A Business Owner Named Bill, a Cautionary Tale

This is a cautionary tale based off of a true story.

A business was started. Bill, the owner, sort of “fell into it” – it was his passion and people came to him asking for more, and over time a business was born. It was incredibly popular – lots of customers, lots of products available, very high demand. He needed workers to produce all of these products. For numerous reasons, he chose to hire independent contractors rather than payrolled employees.

This continued for years.

Then the IRS decided that his workers were, in fact, employees rather than independent contractors. (Here is an informative article about the difference between the two.) The IRS frowns pretty heavily upon employers who have classified employees as independent contractors. Bill now not only had to start paying payroll taxes, unemployment insurance, etc., but also had to pay back taxes and steep fines.

He continued business as usual.

Oh, he attempted to bring in more money to pay the fines, so he ran some specials on products, and he even had people pre-purchase products not yet available, at a steep discount. His products were expensive. He sold many of them. He had hundreds of employees producing the products. Money was most definitely coming in. But it was not managed well.

Eventually Bill could not pay his employees. So he didn’t. Yet he still collected money and claimed that products would be available. His employees continued working on his promise to pay them in a month.

The month deadline arrived. On that same day Bill announced to his employees that he was shutting the doors of his business for good. Payroll still was not met, products were not delivered, and the customers who prepaid would not receive what they paid for. By the end of the day the employees’ business emails were disabled and the website was gone.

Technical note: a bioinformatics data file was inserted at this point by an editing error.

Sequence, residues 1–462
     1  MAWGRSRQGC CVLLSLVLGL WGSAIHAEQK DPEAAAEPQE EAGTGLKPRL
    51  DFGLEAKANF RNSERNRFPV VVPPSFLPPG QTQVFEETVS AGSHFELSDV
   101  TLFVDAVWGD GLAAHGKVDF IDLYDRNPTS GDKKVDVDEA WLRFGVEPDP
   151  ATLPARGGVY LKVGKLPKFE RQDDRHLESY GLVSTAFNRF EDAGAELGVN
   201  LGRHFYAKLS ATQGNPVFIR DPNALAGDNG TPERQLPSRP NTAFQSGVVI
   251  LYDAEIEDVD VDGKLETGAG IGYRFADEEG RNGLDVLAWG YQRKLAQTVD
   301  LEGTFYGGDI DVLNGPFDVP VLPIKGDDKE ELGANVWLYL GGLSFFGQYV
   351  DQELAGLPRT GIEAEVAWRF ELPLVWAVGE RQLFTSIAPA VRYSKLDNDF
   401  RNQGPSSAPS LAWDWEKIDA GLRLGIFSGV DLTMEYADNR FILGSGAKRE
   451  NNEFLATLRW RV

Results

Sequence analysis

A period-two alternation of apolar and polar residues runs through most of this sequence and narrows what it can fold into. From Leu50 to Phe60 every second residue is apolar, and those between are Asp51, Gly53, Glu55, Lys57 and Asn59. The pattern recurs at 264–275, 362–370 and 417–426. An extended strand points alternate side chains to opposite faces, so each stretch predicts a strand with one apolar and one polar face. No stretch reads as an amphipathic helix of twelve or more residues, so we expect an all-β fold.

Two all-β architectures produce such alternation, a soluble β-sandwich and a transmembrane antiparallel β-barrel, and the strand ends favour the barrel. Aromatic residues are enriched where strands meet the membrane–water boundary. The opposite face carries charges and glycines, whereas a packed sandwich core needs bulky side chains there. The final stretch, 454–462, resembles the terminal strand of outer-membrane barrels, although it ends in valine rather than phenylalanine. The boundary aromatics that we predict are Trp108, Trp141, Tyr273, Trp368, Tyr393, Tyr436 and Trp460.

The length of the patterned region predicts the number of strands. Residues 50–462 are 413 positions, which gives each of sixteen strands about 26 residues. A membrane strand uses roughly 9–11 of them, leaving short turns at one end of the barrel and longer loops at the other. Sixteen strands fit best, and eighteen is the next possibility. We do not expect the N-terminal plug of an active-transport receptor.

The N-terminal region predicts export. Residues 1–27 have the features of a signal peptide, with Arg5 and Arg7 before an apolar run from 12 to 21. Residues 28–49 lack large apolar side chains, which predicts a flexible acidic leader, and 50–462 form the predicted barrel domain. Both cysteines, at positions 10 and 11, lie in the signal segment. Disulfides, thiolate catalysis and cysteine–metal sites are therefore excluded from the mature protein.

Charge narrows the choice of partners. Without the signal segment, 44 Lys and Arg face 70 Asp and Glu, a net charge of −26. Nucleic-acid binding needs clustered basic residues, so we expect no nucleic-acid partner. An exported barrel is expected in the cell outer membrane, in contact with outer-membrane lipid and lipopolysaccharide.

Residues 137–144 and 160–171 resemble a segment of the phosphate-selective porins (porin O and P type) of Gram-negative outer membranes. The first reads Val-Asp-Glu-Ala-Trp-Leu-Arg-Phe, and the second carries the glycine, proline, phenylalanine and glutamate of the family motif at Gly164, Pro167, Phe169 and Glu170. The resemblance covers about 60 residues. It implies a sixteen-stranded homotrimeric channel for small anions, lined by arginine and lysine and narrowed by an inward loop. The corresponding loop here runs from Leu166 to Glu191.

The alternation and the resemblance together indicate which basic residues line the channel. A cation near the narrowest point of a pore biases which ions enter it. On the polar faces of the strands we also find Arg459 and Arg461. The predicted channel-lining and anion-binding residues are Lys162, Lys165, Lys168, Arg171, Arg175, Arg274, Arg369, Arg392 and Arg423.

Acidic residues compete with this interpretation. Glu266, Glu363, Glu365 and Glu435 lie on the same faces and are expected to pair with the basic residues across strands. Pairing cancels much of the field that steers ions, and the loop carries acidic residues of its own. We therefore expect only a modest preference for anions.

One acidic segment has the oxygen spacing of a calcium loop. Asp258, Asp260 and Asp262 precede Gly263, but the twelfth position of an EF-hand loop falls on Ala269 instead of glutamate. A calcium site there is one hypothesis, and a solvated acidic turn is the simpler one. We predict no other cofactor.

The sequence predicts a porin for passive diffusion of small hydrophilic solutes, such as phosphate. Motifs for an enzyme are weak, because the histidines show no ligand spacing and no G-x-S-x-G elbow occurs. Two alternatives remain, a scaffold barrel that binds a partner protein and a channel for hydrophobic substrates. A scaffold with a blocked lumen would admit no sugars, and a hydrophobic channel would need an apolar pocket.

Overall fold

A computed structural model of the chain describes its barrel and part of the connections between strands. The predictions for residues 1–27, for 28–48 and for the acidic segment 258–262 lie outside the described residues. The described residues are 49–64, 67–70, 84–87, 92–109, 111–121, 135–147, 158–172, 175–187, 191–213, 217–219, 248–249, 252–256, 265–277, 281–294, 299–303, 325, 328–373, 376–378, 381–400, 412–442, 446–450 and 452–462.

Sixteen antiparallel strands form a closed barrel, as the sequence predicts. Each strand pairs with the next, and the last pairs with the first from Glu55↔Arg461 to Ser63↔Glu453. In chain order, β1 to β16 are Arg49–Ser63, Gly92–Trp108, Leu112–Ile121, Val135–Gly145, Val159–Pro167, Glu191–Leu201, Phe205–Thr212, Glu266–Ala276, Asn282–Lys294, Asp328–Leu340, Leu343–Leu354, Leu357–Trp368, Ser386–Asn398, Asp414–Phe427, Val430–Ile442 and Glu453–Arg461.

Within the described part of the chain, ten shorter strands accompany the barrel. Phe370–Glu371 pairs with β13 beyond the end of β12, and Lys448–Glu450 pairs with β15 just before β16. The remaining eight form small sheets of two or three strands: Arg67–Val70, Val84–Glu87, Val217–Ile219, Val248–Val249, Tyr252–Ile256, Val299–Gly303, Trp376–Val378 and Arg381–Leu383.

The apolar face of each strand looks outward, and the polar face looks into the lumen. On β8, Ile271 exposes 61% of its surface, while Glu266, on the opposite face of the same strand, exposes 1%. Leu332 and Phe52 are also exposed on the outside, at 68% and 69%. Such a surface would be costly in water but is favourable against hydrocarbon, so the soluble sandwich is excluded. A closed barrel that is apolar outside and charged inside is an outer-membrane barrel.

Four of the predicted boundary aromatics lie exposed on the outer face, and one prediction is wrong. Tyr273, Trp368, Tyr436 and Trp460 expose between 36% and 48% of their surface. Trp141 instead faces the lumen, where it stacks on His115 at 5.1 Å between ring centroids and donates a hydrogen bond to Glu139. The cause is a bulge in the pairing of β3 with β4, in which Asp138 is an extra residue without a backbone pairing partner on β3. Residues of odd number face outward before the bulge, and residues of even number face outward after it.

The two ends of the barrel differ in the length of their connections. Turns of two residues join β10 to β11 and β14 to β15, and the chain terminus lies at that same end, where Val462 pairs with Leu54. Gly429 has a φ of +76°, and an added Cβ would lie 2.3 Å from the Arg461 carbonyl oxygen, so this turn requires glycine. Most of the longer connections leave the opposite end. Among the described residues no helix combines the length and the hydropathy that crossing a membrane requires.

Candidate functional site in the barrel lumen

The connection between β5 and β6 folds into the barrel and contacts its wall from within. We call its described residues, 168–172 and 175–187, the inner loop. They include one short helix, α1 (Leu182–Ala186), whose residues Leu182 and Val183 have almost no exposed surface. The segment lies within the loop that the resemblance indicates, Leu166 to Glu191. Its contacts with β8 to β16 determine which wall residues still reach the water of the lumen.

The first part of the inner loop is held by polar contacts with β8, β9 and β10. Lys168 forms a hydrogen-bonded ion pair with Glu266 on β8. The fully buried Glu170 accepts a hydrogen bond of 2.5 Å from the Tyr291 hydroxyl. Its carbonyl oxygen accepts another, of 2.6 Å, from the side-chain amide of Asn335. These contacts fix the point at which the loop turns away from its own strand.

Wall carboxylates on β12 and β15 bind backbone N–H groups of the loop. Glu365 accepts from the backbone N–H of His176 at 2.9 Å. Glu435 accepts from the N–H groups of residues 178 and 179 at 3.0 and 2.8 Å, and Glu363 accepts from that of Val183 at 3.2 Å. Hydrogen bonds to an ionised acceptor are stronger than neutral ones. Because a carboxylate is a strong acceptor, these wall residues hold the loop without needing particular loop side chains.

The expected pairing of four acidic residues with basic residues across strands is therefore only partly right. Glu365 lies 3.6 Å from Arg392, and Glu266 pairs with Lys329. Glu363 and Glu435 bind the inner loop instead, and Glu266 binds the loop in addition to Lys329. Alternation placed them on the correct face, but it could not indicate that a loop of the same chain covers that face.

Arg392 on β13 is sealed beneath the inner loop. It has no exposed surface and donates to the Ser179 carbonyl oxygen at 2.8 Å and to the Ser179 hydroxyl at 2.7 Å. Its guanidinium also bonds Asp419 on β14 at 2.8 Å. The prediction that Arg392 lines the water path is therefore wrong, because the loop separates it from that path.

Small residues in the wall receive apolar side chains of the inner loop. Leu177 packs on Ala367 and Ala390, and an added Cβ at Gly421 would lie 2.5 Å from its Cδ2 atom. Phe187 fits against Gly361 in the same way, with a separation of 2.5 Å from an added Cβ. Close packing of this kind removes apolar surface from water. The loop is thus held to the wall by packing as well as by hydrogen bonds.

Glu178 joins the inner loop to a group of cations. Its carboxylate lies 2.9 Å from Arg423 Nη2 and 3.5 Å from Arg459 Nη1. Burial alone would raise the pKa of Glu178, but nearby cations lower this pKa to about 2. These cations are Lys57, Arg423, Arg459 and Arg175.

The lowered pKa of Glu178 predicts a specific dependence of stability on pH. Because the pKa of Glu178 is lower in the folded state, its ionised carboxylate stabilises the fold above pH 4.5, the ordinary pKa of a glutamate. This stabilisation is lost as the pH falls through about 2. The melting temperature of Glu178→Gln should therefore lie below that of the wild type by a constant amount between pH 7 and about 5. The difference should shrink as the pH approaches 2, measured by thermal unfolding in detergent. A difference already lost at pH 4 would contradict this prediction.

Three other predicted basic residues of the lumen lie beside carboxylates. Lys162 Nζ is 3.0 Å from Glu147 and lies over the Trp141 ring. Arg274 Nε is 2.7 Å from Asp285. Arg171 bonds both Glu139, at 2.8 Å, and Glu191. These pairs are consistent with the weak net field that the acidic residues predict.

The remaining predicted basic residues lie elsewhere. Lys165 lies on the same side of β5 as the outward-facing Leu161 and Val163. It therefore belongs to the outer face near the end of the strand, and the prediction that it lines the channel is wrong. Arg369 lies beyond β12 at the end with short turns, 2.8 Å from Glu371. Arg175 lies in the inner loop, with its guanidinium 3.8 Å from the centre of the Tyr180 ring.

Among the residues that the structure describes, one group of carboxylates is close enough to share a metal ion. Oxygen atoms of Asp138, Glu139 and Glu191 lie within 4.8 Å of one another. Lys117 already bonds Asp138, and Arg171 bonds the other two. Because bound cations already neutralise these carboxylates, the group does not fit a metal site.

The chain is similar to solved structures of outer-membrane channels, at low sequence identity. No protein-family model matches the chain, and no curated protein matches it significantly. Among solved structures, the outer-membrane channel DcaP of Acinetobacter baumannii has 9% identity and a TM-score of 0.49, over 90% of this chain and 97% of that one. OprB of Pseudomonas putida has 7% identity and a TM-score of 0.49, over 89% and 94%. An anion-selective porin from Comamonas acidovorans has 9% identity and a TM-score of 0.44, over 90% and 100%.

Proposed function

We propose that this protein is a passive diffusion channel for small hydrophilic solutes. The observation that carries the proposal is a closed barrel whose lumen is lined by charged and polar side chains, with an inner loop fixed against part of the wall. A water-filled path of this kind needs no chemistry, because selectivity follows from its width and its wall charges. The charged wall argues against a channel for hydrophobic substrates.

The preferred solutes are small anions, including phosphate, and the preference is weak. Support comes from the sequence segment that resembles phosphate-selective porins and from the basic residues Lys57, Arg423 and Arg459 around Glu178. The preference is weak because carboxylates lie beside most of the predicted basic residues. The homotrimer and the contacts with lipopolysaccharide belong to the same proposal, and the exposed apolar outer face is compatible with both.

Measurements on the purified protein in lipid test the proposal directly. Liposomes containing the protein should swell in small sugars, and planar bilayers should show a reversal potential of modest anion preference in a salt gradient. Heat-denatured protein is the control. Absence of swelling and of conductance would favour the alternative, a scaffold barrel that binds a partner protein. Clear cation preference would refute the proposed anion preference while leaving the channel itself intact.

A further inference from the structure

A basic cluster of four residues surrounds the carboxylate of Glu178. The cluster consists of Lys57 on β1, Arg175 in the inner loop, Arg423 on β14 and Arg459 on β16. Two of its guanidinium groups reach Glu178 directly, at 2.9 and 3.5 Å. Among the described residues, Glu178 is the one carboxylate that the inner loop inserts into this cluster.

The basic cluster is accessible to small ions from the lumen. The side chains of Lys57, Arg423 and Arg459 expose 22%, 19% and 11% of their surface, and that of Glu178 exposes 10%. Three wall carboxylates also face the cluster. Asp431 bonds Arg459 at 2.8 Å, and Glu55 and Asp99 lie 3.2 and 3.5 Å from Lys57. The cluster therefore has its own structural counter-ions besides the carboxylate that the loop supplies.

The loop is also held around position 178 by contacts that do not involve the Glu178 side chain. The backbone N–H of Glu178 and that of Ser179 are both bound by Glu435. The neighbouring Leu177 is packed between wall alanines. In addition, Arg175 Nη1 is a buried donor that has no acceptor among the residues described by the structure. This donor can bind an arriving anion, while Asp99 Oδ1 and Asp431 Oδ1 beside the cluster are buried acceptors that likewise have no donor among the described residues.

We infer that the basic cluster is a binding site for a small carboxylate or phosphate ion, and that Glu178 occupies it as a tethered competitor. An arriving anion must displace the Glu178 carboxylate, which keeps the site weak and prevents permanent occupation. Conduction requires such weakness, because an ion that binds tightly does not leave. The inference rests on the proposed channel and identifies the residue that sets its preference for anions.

Bill meant well, but he did not foresee the consequences of his poor business decisions. Now his business is gone and his personal credibility is shot.

Don’t be like Bill.

What can we learn from this cautionary tale?

1.      It’s important to get sound business advice from the very beginning. I firmly believe that if Bill had had a good bookkeeper, a good tax planner, and a good overall business planner, he would still be in business. Even if these people cost you money, they are worth it.

2.      It seems that Bill thought that if he just pretended none of his problems existed, they didn’t. He was trying to dig his way out of a hole with a spoon while a bulldozer was shoving dirt in around him at the same time. Even if he didn’t start out with expert help at the beginning, at the very first sign that thing were going south, he needed to get a team of experts to examine his financial records and tell him the best course of action.

3.      He needed to FOLLOW that team of expert’s advice!

4.      Bill needed to communicate, communicate, communicate…first with his employees, and then with his customers. Other businesses in his industry rallied around him to try to pick up his slack, and no one blamed him as a person per se. But his reputation is ruined. And really, is it another business’s responsibility to make up for his poor business decisions? Had he communicated even just a little bit, he could have gotten some assistance from his employees and customers, and at a minimum he would at least look like he had tried. Transparency and honesty go a long way.

5.      Don’t skirt the law to save a buck. The law may be completely dumb. But the way around the law is to work to get the law changed, not by just not obeying it. It cost Bill much more money (and more!) by not following the law than it would have had he followed it properly in the first place.

I’ll say it again. Don’t be like Bill. Get a financial support team in place from the get go. Bill apparently thought he knew what to do regarding taxes and business bookkeeping. However, they sometimes are not logical and seem to not make sense. Bill didn’t realize that there were things he didn’t know enough about to know that he didn’t know them. But experts do and could have helped.

I am here to help with the bookkeeping. And I have tax planners/preparers and business advisers that I can recommend. If you read this cautionary tale and found that it hit a little too close to home, please schedule a consultation with me, and I will see what I can do to help so that your business does not end up like Bill’s.